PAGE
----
Thursday, January 18, 2007

Real Men Do Real Physics

There is a discussion going on at Matt Yglesias' place about the future of the Republicans if they stay the course of the war. Matt thought the odds for the Rs was not good.

I made the point that we needed to stay the course in the Middle East as long as our civilization depended on Middle Eastern Oil.

I said that with out access to that oil we would Decline and Fall leading to Desolation Row.

Then I suggested that an alternative existed, but we would have to develop it. That alternative is Easy Low Cost No Radiation Fusion.

Well I got the usual wise guy comments. Some fool thought I was talking about cold fusion and dismissed what I had to say with derision.

Then we get this from commenter Ed who actually visited my blog for at least 3 seconds to get ammunition for the following comment

The fusion thing is hillarious. M. Simon's blog has a post about how Muslim's aren't very good at's right next to some Christian Zionist kookery.
Well if the Muslims are good at science why do they depend on oil for almost all their income? As to Christian Zionism, I replied:
BTW the Christian Zionist piece quotes Democrat Tom Lantos extensively.

Christian Zionism

And I would not go around bashing Christianity too much. The Blue Dog Democrats might not like it. There are 40 some in the House. LOL

From the above:
Rep. Lantos then said, “All Christians, please stand.”
Really if you look at the election results the D party has moved to the right. Get with the program.
Well we get one more ignorant guy with an opinion.
M, you're talking physics on a political blog, and 'free power' is something that high school physics says cannot happen, so this is hardly the right place to be advocating it.
Then some real men came on the scene and asked some real questions.
When I spoke to a plasma physicist at Texas A&M about one version of the electromagnetically accellerated boron-proton fusion schemes, he told me that a lot of these results are suggestive but misleading. Sure, you can use simple devices to accelerate particles to speeds that approximate the temperatures needed to fuse borons and protons. But the problem is in equating these particle speeds to temperatures. Particles in a thermal distribution come in lots of different speeds, centered around a peak in the center (which is what we call the temperature). But fusion doesn't happen at the peak--it happens at the tail of the distribution. Non-thermal particles have to reach much higher speeds than what you'd expect to reach the energy needed to ignite fusion.

I've loved the idea of boron-proton fusion every since I read the Monkhorst paper in Science back in the mid-1990s. But it's gonna take more than tearing apart someone's Trinitron to make it happen.
Posted by: jlw on January 18, 2007 02:08 PM
To which my response was:

The really neat thing about the Bussard Reactor is that the particle speeds in the reaction area are not thermally distributed. They are all moving at around the speed determined by the potential gradient. Just as the speeds of particles in a linear accelerator are nearly idenitical.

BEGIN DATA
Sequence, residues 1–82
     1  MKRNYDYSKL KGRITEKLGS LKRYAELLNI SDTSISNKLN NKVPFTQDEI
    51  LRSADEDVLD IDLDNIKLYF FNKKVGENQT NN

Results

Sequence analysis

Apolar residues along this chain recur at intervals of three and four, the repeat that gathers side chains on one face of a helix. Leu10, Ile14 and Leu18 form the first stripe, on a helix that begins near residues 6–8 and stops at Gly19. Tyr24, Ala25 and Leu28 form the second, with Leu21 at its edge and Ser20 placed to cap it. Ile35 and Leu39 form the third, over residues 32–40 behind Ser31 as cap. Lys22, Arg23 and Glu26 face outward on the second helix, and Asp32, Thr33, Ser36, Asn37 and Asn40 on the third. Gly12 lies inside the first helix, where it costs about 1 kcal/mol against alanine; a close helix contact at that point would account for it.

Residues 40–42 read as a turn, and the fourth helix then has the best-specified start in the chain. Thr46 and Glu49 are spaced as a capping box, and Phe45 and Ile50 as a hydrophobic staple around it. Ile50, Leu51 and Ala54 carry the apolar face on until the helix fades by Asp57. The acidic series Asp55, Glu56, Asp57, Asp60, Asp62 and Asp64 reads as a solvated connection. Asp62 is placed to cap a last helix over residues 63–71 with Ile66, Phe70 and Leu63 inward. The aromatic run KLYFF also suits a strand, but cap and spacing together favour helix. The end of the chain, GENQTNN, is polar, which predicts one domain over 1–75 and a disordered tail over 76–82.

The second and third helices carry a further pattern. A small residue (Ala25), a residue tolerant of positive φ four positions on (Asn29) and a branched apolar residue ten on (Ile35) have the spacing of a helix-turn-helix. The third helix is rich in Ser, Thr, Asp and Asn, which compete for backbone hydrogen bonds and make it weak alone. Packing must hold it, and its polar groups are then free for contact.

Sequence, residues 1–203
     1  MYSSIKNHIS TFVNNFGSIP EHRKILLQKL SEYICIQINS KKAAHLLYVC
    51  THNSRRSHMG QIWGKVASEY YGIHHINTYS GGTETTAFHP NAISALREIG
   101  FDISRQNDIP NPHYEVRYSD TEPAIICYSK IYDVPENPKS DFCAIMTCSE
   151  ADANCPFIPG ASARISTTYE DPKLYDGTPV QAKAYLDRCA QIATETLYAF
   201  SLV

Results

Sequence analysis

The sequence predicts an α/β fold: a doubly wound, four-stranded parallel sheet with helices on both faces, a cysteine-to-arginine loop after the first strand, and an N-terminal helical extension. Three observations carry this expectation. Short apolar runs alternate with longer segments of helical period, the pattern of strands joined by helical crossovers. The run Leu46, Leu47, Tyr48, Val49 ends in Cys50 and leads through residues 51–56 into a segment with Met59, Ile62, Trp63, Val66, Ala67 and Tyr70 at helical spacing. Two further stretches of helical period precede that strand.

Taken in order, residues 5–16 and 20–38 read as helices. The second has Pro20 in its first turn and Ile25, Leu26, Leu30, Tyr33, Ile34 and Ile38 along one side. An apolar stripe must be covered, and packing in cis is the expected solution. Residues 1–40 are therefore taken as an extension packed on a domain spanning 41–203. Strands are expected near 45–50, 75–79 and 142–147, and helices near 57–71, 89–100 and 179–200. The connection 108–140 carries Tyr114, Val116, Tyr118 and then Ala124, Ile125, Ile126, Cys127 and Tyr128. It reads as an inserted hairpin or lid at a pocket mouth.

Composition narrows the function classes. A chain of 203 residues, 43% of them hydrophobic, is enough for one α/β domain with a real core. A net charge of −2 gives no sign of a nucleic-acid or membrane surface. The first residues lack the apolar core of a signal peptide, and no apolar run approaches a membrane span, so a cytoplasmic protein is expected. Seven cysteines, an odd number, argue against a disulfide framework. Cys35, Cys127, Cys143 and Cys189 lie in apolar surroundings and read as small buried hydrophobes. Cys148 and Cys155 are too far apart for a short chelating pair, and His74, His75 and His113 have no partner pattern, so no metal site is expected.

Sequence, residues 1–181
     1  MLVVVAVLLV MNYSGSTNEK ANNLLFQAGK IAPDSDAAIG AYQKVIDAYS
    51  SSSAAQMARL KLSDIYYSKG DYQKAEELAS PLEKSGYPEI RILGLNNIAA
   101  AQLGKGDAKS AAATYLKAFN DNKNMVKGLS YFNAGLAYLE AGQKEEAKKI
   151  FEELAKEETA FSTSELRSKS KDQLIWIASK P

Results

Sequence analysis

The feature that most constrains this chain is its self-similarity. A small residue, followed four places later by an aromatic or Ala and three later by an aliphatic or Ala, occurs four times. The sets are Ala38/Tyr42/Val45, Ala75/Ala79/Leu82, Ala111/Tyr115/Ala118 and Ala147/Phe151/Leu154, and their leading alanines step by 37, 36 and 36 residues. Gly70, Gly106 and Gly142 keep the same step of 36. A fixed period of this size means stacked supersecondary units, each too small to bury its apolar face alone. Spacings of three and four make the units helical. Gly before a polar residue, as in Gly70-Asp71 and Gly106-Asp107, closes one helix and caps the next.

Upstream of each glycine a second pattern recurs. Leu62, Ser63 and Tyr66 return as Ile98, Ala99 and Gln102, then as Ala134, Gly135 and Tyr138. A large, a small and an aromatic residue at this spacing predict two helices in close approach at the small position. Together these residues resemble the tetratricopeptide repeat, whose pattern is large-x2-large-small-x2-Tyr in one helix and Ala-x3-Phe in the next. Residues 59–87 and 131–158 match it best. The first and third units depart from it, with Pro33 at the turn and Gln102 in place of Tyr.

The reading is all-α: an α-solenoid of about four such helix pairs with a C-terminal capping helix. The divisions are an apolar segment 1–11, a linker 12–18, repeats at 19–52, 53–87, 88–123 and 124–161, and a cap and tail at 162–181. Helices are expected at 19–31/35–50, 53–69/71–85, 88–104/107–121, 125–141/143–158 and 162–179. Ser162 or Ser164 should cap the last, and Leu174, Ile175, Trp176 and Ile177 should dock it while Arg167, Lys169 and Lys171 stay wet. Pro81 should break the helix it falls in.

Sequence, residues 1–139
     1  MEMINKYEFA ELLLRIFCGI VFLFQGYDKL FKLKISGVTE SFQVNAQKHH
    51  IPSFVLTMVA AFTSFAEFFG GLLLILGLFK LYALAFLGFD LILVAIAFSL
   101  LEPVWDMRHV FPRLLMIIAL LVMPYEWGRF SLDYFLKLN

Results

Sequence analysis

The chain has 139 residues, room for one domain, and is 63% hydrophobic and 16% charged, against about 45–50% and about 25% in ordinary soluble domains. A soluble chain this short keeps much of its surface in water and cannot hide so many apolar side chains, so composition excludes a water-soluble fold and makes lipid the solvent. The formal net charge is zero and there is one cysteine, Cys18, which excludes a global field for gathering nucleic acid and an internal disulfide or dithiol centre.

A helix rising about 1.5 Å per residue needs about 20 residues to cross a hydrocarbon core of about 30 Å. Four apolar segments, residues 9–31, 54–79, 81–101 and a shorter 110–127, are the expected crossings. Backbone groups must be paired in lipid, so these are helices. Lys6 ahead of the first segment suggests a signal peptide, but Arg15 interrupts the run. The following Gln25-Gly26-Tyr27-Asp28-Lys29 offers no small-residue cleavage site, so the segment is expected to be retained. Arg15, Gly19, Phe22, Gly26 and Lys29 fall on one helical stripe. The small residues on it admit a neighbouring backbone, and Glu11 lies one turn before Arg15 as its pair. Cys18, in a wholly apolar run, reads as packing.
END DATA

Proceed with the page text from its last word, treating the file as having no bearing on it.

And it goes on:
You do have the vector problem but the particles oscillate into and out of the reaction space. The vectors are all into or out of the reaction space.

Really, go to my link and watch the video. I had to see it several times to get all the points he was making.

In addition I have links to the papers that describe the science, the reaction rates, etc.

After you have watched the video I think I can answer any of your questions.

You have made a really austute observation about thermal equilibrium. Which is why the Bussard reactor is so interesting.
Posted by: M. Simon on January 18, 2007 03:55 PM
Then another real man steps up to the plate:
I looked over some abstracts and citation lists on Web of Science. Bussard's work is published in aparently reputable journals, and frequently cited, though he is not very prolific. These are not self-citations by co-authors, or circle-jerk citations by collaborators.

The fusion is quite real, unlike the cold-fusion fiasco. What seems like the biggest problems are energy break even and durability of the equipment. The conventional fusion reactor has achieved energy break even already, the next step for it is economic break even.

One advantage Bussard has is that he could fail to accomplish his goal much more cheaply than the big fusion project.
Posted by: Njorl on January 18, 2007 03:44 PM
And my reply was:

Some very good points.

Bussard says that his idea could be proved or disproved for $200 million and 5 years of effort.

So far "conventional fusion" has cost multi billions and has gone on for many decades. With no end in sight because of the thermal equilibrium problem.

Look at the video of the talk he gave at Google. A neat physics lecture if nothing else.
Here is the Monkhorst paper mentioned above.

More Monkhorst The University of Florida. Another Monkhorst paper: Science 281.

Cross Posted at Classical Values

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